Her history revealed hematuria, recurrent episodes of renal colic, and a diagnosis of urolithiasis. She had no history of bone disease, dyspepsia, constipation, weakness, depression, or loss of vitality. She had been treated for diabetes for 2 years, hypertrigliceridemia for 1 year, and hypertension for 10 years. She was on rapeglinide, metformin, fenofibrat, and telmisartan + nifedipin therapy. She experienced the onset of menopause at the age of 40 and opted to avoid hormone replacement therapy. She had an operation for a lumbar hernia 4 years ago. She denied treatment with thiazide, lithium, calcium supplements, vitamin D, and vitamin A. Her physical examination was normal except that it revealed obesity with a BMI of 33 kg/m2 and thyromegaly. No evidence of neck masses or lymphadenopathy was observed. Her blood pressure was 120/80 mmHg. Her HbA1c was 7.2%, and her triglycerides were in the normal range. Her Ca level was 10.8 mg/dl, and her ionized Ca was measured as 1.33 mmol/l. The normal range is 1.15–1.29 mmol/l. Her phosphorus level was 2.42 mg/dl (normal range: 2.3–4.7 mg/dl), while her alkaline phosphatase was 63U/L (normal range: 35–129 U/L). Her magnesium level was 2.05 mg/dl (normal range: 1.7–2.55 mg/dl), and her TSH was 2.72 μIU/ml (normal range: 0.27–4.2 μIU/ml). Her 24 h urinary tests revealed that her Ca, P, and creatinine levels were 402 mg/day, 1,143 mg/day, and 1,214 mg/day, respectively. Her PTH level was 46.1 pg/ml and 54 pg/ml (normal range: 9.5–75 pg/ml) based on two different measurements (Immulyte 2000 and Roche Elysees PTH assays, respectively), and her diluted serum PTH level was 48 pg/ml using a Roche Elysees PTH assay. Her serum 25-hydroxivitamin D level was 17.7 μg/l (normal range: 10–60 μg/l). A bone densitometry exam revealed osteopenia with t-scores in the radius at −1.39, the femoral neck at −1.39, and the total hip at −1.04.
We described the case of a diabetic patient with hypercalcemia and a surgically verified parathyroid adenoma despite normal PTH levels.
Several causes of inappropriately normal serum PTH levels may indeed exist in the occurrence of primary hyperparathyroidism. The sample that is used to test for PTH must be appropriately collected and transported while maintaining the cold chain since PTH degrades rapidly, which may cause a detection of low levels of the hormone if the cold chain is not maintained . PTH levels were measured by two different immunochemical assays. Although it is not common, we diluted the sample and looked for a possible hook effect. The diluted PTH levels were in the normal reference range. We excluded the presence of sarcoidosis, excessive vitamin D levels, and hypomagnesaemia.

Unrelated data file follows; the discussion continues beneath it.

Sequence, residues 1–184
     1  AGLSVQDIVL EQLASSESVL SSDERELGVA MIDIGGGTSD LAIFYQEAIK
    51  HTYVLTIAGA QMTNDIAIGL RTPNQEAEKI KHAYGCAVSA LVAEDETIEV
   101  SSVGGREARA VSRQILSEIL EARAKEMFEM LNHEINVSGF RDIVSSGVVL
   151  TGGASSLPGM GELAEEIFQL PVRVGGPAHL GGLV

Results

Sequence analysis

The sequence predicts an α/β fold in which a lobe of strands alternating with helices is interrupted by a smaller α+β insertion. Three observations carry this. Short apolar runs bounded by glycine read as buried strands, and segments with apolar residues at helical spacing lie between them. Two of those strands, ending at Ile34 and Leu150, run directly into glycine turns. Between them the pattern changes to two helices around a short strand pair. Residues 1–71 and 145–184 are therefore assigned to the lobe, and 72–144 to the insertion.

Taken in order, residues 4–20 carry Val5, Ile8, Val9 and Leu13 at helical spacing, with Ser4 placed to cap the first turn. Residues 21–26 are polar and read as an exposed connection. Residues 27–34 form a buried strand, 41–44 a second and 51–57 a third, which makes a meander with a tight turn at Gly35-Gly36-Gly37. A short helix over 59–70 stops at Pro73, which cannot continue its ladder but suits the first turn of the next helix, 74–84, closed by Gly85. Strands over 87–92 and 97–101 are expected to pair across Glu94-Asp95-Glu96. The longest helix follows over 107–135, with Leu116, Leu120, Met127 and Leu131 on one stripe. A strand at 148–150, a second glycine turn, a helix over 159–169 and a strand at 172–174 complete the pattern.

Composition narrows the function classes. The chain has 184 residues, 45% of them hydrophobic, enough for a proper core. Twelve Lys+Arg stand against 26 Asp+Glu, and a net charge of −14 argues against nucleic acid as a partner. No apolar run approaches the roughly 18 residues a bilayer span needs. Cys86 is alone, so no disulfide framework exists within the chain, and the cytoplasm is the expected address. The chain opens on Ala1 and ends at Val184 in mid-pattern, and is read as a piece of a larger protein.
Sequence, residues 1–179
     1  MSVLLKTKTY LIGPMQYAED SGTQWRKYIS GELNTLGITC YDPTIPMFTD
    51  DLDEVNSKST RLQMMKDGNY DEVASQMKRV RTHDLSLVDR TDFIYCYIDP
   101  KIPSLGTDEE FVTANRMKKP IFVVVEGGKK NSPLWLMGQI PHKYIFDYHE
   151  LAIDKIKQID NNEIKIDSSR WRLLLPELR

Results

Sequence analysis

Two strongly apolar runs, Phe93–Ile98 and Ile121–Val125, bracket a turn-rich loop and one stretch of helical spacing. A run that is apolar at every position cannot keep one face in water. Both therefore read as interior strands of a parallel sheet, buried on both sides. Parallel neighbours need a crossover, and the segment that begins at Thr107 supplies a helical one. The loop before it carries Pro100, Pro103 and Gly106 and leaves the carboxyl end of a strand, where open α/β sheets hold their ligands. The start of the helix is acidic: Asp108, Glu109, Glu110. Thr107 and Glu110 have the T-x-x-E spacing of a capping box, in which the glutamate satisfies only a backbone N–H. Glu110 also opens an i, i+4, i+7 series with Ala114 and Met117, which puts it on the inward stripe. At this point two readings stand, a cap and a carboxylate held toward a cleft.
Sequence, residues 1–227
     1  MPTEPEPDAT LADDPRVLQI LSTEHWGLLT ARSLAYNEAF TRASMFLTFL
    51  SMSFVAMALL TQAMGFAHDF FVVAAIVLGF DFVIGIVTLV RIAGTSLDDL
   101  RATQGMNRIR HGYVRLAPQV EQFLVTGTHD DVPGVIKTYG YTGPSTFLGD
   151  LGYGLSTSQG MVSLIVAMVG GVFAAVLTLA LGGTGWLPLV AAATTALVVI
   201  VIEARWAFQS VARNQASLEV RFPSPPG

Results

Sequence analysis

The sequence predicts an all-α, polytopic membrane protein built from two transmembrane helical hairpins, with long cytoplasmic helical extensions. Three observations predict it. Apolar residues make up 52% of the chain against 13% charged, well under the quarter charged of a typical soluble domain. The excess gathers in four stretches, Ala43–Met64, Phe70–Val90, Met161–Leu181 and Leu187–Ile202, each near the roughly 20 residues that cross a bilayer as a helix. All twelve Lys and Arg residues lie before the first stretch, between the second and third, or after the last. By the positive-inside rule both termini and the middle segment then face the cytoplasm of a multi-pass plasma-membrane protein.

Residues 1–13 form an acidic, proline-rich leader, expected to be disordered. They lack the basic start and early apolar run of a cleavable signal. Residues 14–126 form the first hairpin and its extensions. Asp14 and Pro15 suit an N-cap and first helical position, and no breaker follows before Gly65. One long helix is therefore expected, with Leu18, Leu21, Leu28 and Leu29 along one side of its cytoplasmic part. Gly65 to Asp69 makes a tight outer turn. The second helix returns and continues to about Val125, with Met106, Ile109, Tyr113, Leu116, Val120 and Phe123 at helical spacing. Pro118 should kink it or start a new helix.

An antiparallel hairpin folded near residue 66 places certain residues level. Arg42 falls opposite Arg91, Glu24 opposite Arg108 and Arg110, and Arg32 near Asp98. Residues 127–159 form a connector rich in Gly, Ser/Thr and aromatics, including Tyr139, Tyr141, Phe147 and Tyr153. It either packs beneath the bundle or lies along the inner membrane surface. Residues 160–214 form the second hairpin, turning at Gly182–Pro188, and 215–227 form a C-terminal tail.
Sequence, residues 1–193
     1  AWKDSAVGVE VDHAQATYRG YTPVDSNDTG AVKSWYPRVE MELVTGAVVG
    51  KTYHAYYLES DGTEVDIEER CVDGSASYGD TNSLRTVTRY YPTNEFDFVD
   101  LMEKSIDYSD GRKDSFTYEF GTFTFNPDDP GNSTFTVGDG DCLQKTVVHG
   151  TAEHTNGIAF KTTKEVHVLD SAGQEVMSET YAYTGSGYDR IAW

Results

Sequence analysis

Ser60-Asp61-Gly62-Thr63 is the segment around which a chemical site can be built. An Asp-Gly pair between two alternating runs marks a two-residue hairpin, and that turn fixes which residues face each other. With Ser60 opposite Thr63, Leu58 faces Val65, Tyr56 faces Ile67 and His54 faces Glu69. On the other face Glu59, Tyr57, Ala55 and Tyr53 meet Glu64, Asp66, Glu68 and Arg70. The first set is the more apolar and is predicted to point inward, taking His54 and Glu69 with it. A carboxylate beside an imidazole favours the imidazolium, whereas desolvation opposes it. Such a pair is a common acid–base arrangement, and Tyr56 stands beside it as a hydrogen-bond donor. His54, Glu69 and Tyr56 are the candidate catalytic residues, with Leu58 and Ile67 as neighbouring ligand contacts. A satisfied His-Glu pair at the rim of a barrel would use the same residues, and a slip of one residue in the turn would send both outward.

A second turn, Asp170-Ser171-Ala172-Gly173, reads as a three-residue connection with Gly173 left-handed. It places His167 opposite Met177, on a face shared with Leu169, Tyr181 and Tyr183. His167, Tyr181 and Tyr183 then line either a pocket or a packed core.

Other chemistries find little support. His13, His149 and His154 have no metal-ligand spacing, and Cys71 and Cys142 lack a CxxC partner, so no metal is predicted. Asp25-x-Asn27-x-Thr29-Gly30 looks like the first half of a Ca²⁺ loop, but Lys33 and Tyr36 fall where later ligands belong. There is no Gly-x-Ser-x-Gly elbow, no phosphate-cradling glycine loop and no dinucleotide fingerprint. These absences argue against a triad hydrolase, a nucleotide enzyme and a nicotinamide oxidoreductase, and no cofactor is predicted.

As a consequence of poor metabolic control, alterations in calcium homeostasis occur in diabetic patients. Investigations indicate that diabetic patients, whether insulin-dependent or not, are relatively hypoparathyroid. Patients with both high glycosuria and long diabetic duration exhibited especially low values as compared to those with low glycosuria and diabetes of short duration and to normal subjects . The PTH secretion is impaired in poorly controlled diabetes mellitus. The clinical observations indicate that primary hyperparathyroidism may precede diabetes mellitus in approximately 20% of patients or follow diabetes in 40% of patients. Additionally, the two disorders may be presented together or diagnosed within 1 year of one another in 40% of patients . In a hyperparthyroid patient, as the disorder progresses, long-term insulin resistance, and relative insulin insufficiency with overt diabetes mellitus can arise. Such a mechanism might account for those patients whose primary hyperparathyroidism precedes diabetes mellitus or for those patients in whom the two disorders are present together . For patients in whom diabetes occurs first, the experimental studies provide less help. Our patient had good control of her diabetes, and we diagnosed primary hyperparathyroidism within 1 year of the onset of diabetes. She probably had subtle hypercalcemia, which was explained by the hydrochlorothiazide use. In the diagnostic evaluation of the enlargement of her thyroid gland, a mass was reported, which probably suggested that a parathyroid adenoma was detected. Further evaluation with scintigraphy revealed a parathyroid adenoma, which gave rise to radioguided surgery. Hypercalcemia in diabetic patients should be evaluated carefully, and a parathyroid adenoma should be considered even if serum PTH levels are within the normal range.
Intact PTH measurements by second generation PTH assays, which we used in the current study, were shown to measure not only PTH 1–84 but also non-(1–84) PTH . The sensitivity of the intact PTH assay was reported to be 73–86%, whereas bio-intact PTH assays are suggested to exhibit a higher sensitivity (96%) [9, 10]. However, intact and bio-intact assays may not completely detect PTH if a posttranslational alteration has occurred within an adenoma . We could measure neither bio-intact PTH nor PTHrP because of our lack of facilities.
In conclusion, we report the case of a diabetic patient with persistent hypercalcemia, normal PTH levels, and surgically proven primary hyperparathyroidism. Diabetic patients should be evaluated for hyperparathyroidism when they exhibit persistent hypercalcemia and clinical suspicion is aroused even if the serum PTH levels are within the normal range.